Victorian Premier Dan Andrews has today announced that the government “can’t rule out is airborne transmission” of COVID-19 after a hotel quarantine worker tested positive overnight.

Andrews gave further updates on the state’s COVID situation on Thursday morning, following on from a late-night press conference on Wednesday night.

“One thing is we can’t rule out is airborne transmission of this. That is challenging – very, very challenging. AHPPC has been dealing with some of these issues,” he told reporters.

“No doubt this will be a feature of the report that I will give to National Cabinet tomorrow. All of us work together and learn from each other. There will be different experiences in different states.”

“With a virus – it’s not static, like it’s changing. Whether it is South Africa, Japan, the UK strain – whatever’s next to come and – you know, pose a challenge to us, we all have to work together. So, we don’t have a definitive answer on that. It is just that step by step painstaking detective work.”

At this stage, the government is waiting on genomic testing results to decipher exactly how the virus spread, and which particular hotel quarantine resident infected the worker. But until that information is received, the government is refusing to rule out the possibility that the virus has spread via air vents and airborne transmission.

However, in good news, 19 out of 20 close contacts of the hotel worker have already spoken with authorities, with the last person expected to cooperate today.

The news comes after Andrews announced a number of minor restrictions on Wednesday night, including slight caps on social gatherings and a reintroduction of the state’s mask mandate.

However, both the Premier and Chief Health Officer have asserted that everything is being done out of an abundance of caution, which – in layman’s terms – means that we should do the right thing but shouldn’t be stocking up the panic bunker in preparation for another lockdown.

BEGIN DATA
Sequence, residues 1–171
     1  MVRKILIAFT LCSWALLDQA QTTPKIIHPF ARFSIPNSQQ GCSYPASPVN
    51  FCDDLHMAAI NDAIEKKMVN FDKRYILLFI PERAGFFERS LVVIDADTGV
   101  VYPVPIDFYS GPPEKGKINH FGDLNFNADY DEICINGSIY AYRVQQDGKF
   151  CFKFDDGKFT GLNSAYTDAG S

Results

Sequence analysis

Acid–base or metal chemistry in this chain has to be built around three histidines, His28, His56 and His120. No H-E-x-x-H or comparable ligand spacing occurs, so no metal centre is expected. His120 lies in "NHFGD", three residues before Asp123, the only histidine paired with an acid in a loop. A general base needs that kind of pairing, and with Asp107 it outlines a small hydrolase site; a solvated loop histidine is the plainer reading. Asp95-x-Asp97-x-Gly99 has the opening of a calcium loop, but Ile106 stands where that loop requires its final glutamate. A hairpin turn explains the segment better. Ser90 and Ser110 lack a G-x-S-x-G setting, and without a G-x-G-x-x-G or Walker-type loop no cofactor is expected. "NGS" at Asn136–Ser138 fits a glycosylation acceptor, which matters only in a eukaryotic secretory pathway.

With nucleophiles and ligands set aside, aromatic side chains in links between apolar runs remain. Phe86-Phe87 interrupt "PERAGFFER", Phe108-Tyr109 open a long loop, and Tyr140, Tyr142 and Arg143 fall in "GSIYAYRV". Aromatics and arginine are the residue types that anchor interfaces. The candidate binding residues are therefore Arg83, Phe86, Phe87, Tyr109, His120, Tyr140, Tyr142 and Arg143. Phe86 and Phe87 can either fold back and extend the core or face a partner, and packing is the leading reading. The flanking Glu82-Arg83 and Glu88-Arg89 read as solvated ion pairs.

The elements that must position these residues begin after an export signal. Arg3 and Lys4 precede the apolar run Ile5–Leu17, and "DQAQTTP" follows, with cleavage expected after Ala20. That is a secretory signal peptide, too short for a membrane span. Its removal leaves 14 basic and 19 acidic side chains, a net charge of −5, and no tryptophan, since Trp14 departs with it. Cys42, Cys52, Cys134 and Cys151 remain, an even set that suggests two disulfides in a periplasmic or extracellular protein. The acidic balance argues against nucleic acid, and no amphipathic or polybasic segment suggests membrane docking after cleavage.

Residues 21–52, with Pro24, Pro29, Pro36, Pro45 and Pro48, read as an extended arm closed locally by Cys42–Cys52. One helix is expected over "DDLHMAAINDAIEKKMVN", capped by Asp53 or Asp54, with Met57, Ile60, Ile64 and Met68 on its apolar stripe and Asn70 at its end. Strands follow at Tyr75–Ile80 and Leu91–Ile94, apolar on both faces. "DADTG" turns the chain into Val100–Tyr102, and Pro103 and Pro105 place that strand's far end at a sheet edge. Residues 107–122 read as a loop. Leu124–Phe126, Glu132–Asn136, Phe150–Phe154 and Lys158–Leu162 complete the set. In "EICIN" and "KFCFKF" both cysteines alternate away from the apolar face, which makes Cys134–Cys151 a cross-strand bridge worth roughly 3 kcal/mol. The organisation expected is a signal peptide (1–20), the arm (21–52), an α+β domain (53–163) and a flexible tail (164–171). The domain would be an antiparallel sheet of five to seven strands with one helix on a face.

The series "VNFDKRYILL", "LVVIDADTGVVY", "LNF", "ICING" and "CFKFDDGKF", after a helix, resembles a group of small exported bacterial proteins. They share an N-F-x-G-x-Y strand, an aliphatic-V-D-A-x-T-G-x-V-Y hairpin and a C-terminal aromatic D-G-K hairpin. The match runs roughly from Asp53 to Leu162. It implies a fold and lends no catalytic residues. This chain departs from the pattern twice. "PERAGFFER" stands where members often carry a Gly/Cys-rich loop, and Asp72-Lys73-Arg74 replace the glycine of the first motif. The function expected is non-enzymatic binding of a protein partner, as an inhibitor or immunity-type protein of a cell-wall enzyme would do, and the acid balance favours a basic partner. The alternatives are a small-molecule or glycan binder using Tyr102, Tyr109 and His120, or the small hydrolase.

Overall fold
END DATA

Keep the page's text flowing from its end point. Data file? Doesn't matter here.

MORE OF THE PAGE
“We think the risk to other people in the hotel, sorry, other guests in the hotel, tennis players and their accompanying staff, is relatively low because they were in at the time as opposed to stuff outside the room the last person to leave, the last case to leave the hotel for the health hotels left on the 22nd, so that is now getting on close to 14 days since that time,” Victorian Chief Health Officer Allen Cheng said.

“So, if there was any exposure, they would be coming up to that period, so we think that risk is relatively low, which is why we are testing them to be sure, but again, it is precautionary.”

To put it simply, the government is acting out of an abundance of caution as they are operating on the theory that the COVID-19 case in question is that of the highly-infectious UK strain.

But if you’re a Victorian who is quietly panicking at the thought of another lockdown, it is worth noting that Dan Andrews has again reiterated that his strategy in managing the virus is “not zero cases forever.”

“The strategy is not zero cases forever. The strategy is to try and find that COVID normal, to try to have economic activity, trying to have that economic rebuilding and recovery and manage this risk. I do not think it is possible to completely eliminate this risk,” Andrews said. 

The situation is continually developing, with the state’s COVID response and the fate of the upcoming Australian Open hanging in the balance. We’ll be sure to update you as more information becomes available.